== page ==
Tag: diagnosis

Talking to your children about their autism

Talking to your children about their autism

I’ve had several people ask me about telling kids about their diagnosis.  I’ll admit, I may not be the right person to ask.  I’m so totally matter-of-fact about things, that in our house it goes something like this:

“So, little dude, you’re autistic.”

“What’s artistic?”

“A-u-t-i-s-t-i-c.  Autistic.  It means that your brain takes in a LOT of information and processes it (like a computer does).  This is true for everyone, but your brain goes about it a little differently.  It also means you might have difficulty with things that are too loud or too bright or involve too many people. And it also means that you may learn a LOT about one particular subject and then teach us all about it.  Cool, eh?”

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It’s safe to say he has my sense of humor

The other day, Speedy was reading the back of my wine glass that we received from David’s Refuge during a respite weekend.  “Children with special needs aren’t sent to special parents, they make parents special.” He looked quizzically at me.  “Do you know what it means when they say ‘children with special needs’?” He shakes his head no.  Then he stops and smiles.  “Is it because of my autism?” “Bingo, kid.  You got that right.”_MG_7929

So here’s my thought on, well, pretty much everything.  Kids pick up EVERYTHING.  They hear and see all of it, especially when we think they can’t or don’t.  When kids hear the adults in their life talking about their strengths and their abilities, and talking matter-of-factly about the benefits of being autistic, they have a more positive view of themselves than the kids who grow up hearing only about the deficits, the struggle, the “I wish he was never born this way” moments.  Don’t get me wrong- we do have the struggles.  We do have the nights when I dissolve into a weepy puddle in my husband’s arms- or vice versa- because we just had never signed on for how much work this would be.  We do have to have deficit-based conversations at times (when our children are not in the building) because some access to services requires that conversation take place.  I end most of our family dinners with my head in my hands.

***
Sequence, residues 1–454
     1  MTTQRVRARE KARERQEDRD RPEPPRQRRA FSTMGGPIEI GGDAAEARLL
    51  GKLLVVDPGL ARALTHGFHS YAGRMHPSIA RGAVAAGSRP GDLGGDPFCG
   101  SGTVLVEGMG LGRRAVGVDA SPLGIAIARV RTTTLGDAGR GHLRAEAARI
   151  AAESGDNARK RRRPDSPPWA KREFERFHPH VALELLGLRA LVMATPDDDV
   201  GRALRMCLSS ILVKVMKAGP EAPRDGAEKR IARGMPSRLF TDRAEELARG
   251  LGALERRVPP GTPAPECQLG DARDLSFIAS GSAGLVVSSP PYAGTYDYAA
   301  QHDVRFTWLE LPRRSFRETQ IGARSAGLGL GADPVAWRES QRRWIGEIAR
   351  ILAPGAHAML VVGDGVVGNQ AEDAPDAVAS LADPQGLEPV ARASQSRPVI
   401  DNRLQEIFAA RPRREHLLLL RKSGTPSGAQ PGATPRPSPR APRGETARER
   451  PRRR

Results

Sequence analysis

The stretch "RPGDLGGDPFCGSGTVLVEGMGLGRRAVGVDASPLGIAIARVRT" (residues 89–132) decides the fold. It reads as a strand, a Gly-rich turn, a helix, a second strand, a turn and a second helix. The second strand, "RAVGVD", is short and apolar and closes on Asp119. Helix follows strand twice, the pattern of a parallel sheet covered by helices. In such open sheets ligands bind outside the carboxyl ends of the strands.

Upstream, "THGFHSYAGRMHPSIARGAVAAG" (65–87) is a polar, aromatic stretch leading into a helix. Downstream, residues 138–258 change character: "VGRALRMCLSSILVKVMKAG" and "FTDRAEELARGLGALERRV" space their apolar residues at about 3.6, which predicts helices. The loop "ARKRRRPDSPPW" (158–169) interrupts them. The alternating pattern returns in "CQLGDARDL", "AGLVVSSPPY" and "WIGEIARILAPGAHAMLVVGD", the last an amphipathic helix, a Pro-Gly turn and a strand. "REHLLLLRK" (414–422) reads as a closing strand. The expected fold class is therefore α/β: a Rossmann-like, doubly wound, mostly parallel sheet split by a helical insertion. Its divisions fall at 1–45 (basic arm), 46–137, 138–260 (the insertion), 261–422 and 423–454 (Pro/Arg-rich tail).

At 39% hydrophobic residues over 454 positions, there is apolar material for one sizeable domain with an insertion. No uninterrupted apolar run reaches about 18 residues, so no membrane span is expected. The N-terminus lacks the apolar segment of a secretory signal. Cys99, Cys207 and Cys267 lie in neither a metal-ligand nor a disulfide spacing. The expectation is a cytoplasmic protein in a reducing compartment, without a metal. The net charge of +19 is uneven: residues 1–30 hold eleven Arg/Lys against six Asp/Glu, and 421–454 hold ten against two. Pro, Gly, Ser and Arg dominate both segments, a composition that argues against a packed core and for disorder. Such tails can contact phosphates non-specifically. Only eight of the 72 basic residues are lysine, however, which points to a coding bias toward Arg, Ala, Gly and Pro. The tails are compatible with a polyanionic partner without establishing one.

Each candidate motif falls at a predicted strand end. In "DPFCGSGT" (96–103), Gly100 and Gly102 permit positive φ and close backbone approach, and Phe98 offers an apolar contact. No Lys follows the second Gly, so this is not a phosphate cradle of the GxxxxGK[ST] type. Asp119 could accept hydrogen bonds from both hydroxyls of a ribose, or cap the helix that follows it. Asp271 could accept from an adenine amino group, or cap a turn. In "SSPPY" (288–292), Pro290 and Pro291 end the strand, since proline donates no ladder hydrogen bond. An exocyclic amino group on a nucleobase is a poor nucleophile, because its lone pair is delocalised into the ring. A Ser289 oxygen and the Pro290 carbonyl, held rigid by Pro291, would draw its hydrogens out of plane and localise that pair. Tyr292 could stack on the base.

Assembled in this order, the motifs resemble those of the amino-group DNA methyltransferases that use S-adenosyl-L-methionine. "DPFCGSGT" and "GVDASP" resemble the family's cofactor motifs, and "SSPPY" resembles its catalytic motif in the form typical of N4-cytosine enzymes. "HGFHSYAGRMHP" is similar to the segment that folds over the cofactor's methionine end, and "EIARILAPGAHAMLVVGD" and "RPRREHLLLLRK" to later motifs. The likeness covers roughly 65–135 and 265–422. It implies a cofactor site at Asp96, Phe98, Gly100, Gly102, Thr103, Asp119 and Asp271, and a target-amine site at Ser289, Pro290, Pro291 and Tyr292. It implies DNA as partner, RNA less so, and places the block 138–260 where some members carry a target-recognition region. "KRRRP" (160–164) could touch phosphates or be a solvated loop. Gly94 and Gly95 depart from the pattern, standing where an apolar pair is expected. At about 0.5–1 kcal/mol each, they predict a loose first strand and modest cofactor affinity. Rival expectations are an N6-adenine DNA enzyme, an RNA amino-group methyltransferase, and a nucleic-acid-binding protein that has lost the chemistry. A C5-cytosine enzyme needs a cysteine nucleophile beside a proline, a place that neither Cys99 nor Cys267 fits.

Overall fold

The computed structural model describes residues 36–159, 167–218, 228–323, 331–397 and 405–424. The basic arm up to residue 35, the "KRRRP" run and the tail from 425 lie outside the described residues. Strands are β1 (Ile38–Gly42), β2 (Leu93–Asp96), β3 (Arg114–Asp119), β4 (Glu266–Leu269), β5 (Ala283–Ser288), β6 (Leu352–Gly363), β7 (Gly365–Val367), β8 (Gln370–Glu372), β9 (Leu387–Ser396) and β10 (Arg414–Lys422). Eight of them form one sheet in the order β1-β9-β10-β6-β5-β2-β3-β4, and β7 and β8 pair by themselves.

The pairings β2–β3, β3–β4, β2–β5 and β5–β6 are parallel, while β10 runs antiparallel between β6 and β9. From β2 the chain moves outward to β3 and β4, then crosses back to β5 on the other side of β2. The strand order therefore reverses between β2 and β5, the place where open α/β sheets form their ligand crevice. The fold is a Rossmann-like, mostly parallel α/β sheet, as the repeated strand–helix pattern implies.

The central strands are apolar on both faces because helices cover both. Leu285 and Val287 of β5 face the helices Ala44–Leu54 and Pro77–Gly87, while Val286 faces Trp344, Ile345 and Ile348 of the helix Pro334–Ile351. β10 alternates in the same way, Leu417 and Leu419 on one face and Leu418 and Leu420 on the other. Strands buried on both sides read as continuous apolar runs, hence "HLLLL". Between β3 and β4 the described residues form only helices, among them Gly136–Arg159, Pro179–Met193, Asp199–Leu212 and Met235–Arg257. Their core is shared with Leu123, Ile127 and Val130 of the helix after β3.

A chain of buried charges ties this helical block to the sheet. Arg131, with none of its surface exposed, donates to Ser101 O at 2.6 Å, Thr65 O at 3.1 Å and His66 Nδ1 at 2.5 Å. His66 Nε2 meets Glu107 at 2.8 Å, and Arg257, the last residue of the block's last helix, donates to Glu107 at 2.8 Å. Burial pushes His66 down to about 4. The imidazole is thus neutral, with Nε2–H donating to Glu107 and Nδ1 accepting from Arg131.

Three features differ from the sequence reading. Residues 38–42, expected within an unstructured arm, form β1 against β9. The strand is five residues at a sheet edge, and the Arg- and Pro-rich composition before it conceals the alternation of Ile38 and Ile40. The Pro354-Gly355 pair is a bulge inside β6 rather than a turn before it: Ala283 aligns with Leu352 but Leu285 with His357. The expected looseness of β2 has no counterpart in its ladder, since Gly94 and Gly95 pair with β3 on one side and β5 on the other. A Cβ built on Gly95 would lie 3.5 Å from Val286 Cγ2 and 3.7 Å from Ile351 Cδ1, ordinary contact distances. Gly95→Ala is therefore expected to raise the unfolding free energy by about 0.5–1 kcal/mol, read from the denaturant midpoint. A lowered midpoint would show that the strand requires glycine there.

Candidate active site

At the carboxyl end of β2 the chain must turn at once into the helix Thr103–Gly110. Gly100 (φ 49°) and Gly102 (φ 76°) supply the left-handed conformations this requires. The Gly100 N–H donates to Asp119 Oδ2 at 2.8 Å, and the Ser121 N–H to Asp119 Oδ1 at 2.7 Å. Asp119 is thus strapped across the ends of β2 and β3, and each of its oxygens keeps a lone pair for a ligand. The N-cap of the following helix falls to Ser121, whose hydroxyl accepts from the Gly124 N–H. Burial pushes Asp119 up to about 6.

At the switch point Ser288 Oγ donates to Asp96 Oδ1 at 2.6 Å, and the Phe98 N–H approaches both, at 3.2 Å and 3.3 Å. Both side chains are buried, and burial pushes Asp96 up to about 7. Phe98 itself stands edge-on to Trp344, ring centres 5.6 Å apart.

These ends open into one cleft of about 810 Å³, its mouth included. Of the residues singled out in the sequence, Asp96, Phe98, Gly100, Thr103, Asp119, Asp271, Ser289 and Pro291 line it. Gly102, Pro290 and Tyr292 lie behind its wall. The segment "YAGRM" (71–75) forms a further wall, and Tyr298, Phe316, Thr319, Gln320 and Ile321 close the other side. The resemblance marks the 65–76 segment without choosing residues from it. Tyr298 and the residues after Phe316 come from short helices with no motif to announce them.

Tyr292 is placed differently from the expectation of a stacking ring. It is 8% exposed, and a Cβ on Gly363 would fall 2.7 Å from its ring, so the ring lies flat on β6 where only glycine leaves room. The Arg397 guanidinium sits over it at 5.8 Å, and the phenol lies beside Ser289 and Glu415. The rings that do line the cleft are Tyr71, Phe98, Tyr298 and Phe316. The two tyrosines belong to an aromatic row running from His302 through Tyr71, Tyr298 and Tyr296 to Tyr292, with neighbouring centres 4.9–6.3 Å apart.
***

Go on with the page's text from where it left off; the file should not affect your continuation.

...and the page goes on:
I don’t want our readers to think I’m all sunshine and roses.  No, lovies.  I’m coffee and wine.  I’m fried cheese and beer.  I’m hanging on to the edge of a cliff by my chewed fingernails.  I move through emotions so fast it would make your head spin, a fact which has often confused my acquaintances.  But it’s all Coping Strategy 101.  There is no manual for my children, which is why I write- so that you may have something to go by.  A weird combination of Instructional Manual, Coffee Table Book, Bathroom Reader and Comic Strip.

I recently attended a conference where the presenter said “If you’re considering writing a book, don’t.”

I’m not letting that dissuade me.